A Visit To Normandy, D-Day Remembered

It was a bitterly cold day last October when we visited the Normandy beaches. First we stopped at the museum in Caen and then our guide took us to the beaches, passing through the hedgerow country, a place where someone or something could be five feet from you and never be seen.

As a kid I was always interested in history and had read about the Normandy invasion, a massive assault on a French beach far away from where Hitler had parked most of his army, the result in large part of a ruse by the Americans and British who seemed ready to invade Calais, a more logical destination from England as the crow flies.

Normandy Beach, October 2013

It turns out that the Normandy beaches we saw were guarded by five massive bunkers and just a few hundred soldiers. That’s about all you needed because the beach, at least today, is not very wide and abuts a steep and stark palisades. Add in the barriers and traps built by the Nazis and it’s easy to see how even a massive invasion could be held off with relatively few troops.

It’s hard to imagine tens of thousands of men coming ashore in such a hostile place. The day we were there the sea boiled and churned while the air was frigid and the cliffs were imposing.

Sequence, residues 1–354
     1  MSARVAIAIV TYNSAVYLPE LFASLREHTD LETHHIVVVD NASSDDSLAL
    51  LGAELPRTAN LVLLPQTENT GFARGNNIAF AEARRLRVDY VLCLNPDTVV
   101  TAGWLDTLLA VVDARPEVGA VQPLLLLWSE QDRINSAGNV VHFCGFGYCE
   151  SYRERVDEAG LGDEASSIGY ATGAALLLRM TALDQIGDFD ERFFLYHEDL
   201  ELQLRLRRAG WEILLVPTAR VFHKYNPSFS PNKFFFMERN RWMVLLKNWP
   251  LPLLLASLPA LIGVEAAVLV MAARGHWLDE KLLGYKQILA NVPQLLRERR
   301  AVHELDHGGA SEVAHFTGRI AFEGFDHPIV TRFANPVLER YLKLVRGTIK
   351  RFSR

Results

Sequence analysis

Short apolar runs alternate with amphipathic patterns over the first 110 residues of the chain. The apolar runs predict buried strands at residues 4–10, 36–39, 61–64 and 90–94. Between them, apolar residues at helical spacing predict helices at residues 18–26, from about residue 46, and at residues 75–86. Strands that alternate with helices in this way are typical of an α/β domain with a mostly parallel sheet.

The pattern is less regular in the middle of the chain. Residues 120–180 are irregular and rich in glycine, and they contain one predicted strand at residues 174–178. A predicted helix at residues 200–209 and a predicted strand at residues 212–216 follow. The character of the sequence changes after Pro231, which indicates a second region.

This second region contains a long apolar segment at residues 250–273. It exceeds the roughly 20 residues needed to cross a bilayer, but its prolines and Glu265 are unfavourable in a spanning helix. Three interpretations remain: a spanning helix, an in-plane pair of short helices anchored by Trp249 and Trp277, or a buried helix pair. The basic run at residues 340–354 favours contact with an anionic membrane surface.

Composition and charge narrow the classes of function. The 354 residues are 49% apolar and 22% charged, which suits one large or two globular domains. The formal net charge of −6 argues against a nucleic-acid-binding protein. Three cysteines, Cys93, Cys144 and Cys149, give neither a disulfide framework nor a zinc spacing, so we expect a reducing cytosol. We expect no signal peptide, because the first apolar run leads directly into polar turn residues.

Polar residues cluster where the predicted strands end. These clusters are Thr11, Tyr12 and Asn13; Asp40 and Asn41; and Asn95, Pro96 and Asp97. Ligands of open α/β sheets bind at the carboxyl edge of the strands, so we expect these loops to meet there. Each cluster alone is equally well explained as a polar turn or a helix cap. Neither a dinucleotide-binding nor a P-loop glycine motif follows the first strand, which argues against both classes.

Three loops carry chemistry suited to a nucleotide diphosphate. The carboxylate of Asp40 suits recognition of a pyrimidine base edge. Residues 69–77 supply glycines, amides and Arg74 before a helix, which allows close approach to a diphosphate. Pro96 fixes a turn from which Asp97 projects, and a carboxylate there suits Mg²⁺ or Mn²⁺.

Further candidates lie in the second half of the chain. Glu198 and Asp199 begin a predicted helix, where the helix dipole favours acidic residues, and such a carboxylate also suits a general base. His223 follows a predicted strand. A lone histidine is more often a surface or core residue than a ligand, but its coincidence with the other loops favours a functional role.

Could it be that erosion and high tides have melted away the beach or is it possible that what we see today is not much changed from D-Day? There wasn’t much beach the day we visited and certainly no protection from the commanding heights of the towering palisades. How could anyone climb such cliffs on a clear day much less in the middle of battle?

We went inside one of the imposing bunkers and then down to the beach. The bunker was massive, explaining how such a construction might survive an aerial attack or perhaps even a naval bombardment.

A Bunker at Normandy
There is something about Normandy which seems to transcend time. Physically it’s a place of waves and rocks, but more importantly it’s a place of honor, the shoreline where more than 125,000 troops from the United States, Britain, Canada and a host of other countries opened a second front against Germany. It’s also the place where some 4,500 allied troops died to gain a foothold in continental Europe.

We went to visit the nearby Normandy American Cemetery but of all things it was shuttered because the government of the United States had been closed over a budget dispute. We looked at our French guide, trying to explain how politics far away in Washington could close a place of honor in the French countryside. I’m not sure he really understood, but then I’m not sure I did either.

American Cemetery at Normandy
Normandy symbolizes an epic struggle, not for land or treasure but for the survival of a civilization on the verge of slipping back into a dark age. Make no mistake about it, the people who invaded Normandy did their part to save the world and they did well: In less than a year Hitler was dead, no doubt saving millions more from death.

If you get a chance to go to Normandy please do so.

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